Author ORCID Identifier

https://orcid.org/0000-0001-5630-7931

Year of Publication

2022

Degree Name

Doctor of Philosophy (PhD)

Document Type

Doctoral Dissertation

College

Arts and Sciences

Department/School/Program

Psychology

First Advisor

Dr. Mark T. Fillmore

Abstract

The prevalence of alcohol-impaired driving injuries and fatalities has not decreased for over a decade despite strategies to reduce and prevent driving under the influence of alcohol (DUI). In 2019, 10,142 people died in alcohol-impaired driving crashes in the United States, which totaled to 28% of all traffic fatalities for the year. DUI interventions have been found to have moderate effects on reducing DUI recidivism. Prevention research has identified a lack of risk awareness in DUI offenders and this could be a target to motivate behavioral change. However, the training to increase levels of risk awareness needs to occur in the intoxicated state when the decision to drive takes place. The present study aims to test the degree to which individuals’ risk awareness is impaired during intoxication and the efficacy of using experiential-based feedback to enhance risk awareness during intoxication. Thirty-three adults between the ages of 21 and 33 participated in this study. Subjects were given a dose of alcohol and received one of three training conditions designed to increase risk awareness under the dose: Blood Alcohol Concentration (BAC) feedback, body scan exercise + BAC feedback and no treatment control. Those in the BAC feedback group received feedback concerning their observed BAC during dose exposure. Subjects in the body scan group received BAC feedback and underwent a mindfulness exercise to increase their interoceptive awareness of alcohol intoxication cues. Those in the control group did not receive any training. Post-training tests showed that subjects in both treatment groups showed the most accuracy in estimating their BACs. However, there were no differences among the training groups in their perceived levels of intoxication and driving self-efficacy at post-training. These findings suggest that BAC feedback and mindfulness can improve accuracy in estimating BACs. However, there is no evidence that this improvement was accompanied by changes in perceptions of intoxication or self-efficacy to drive while intoxicated. These findings help inform future studies of the efficacy of improving BAC estimation accuracy but also some impediments to increasing risk awareness in the intoxicated state for at risk populations, such as recidivist DUI offenders.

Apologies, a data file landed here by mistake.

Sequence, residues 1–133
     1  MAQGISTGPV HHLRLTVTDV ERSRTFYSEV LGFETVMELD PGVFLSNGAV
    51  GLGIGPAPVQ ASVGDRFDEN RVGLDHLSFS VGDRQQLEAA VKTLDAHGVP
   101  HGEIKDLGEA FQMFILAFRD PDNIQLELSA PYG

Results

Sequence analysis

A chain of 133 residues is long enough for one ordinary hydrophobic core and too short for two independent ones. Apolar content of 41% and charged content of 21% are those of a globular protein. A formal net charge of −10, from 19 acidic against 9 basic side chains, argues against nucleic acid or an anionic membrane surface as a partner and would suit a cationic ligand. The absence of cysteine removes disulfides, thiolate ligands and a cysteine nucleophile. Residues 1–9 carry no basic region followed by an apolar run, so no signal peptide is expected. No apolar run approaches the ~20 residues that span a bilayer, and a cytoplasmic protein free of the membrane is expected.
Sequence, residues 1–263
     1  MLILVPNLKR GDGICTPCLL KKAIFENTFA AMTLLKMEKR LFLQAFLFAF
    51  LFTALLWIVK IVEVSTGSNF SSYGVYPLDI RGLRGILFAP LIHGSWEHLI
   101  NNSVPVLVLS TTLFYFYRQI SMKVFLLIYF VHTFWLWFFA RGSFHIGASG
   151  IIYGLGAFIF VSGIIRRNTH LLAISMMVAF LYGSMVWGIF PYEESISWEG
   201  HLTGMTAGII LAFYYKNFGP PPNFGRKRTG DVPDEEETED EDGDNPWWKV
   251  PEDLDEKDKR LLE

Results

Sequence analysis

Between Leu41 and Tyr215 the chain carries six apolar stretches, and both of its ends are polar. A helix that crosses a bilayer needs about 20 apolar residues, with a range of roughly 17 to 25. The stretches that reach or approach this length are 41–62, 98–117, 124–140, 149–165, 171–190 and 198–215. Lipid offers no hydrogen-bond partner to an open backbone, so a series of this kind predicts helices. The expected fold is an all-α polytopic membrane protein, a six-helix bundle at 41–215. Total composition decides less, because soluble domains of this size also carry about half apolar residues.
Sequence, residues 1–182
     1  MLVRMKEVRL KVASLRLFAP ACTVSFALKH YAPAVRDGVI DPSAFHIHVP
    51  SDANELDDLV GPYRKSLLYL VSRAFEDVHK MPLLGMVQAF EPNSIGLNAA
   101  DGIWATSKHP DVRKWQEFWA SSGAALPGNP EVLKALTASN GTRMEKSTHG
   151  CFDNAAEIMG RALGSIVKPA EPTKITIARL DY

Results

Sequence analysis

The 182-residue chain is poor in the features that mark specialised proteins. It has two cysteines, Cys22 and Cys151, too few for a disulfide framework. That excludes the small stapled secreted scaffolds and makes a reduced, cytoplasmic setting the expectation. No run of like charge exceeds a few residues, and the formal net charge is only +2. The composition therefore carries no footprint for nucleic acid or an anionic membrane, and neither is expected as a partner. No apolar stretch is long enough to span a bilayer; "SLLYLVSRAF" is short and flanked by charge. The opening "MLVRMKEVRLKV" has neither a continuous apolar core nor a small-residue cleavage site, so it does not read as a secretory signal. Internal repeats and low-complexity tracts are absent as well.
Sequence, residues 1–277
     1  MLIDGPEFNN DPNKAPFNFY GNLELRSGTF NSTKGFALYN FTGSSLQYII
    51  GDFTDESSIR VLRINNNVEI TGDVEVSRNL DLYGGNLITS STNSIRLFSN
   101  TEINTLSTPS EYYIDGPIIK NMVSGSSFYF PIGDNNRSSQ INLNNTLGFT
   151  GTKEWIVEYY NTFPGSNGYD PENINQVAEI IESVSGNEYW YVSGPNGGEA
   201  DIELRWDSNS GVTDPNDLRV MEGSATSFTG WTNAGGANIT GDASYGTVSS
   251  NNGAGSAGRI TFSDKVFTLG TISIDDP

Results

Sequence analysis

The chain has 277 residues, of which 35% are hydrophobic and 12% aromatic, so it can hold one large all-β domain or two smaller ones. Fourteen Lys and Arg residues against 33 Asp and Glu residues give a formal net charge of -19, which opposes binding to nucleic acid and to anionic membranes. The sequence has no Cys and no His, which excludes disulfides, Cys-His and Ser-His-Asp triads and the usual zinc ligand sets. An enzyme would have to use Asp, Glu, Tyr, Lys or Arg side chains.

Digital Object Identifier (DOI)

https://doi.org/10.13023/etd.2022.289

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